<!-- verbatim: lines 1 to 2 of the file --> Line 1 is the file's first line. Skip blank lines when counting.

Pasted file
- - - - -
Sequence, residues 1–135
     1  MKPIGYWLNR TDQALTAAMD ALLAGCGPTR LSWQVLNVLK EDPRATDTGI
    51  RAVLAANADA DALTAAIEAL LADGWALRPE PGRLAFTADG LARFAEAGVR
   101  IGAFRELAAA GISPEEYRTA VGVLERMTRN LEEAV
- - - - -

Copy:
Sequence, residues 1–135
     1  MKPIGYWLNR TDQALTAAMD ALLAGCGPTR LSWQVLNVLK EDPRATDTGI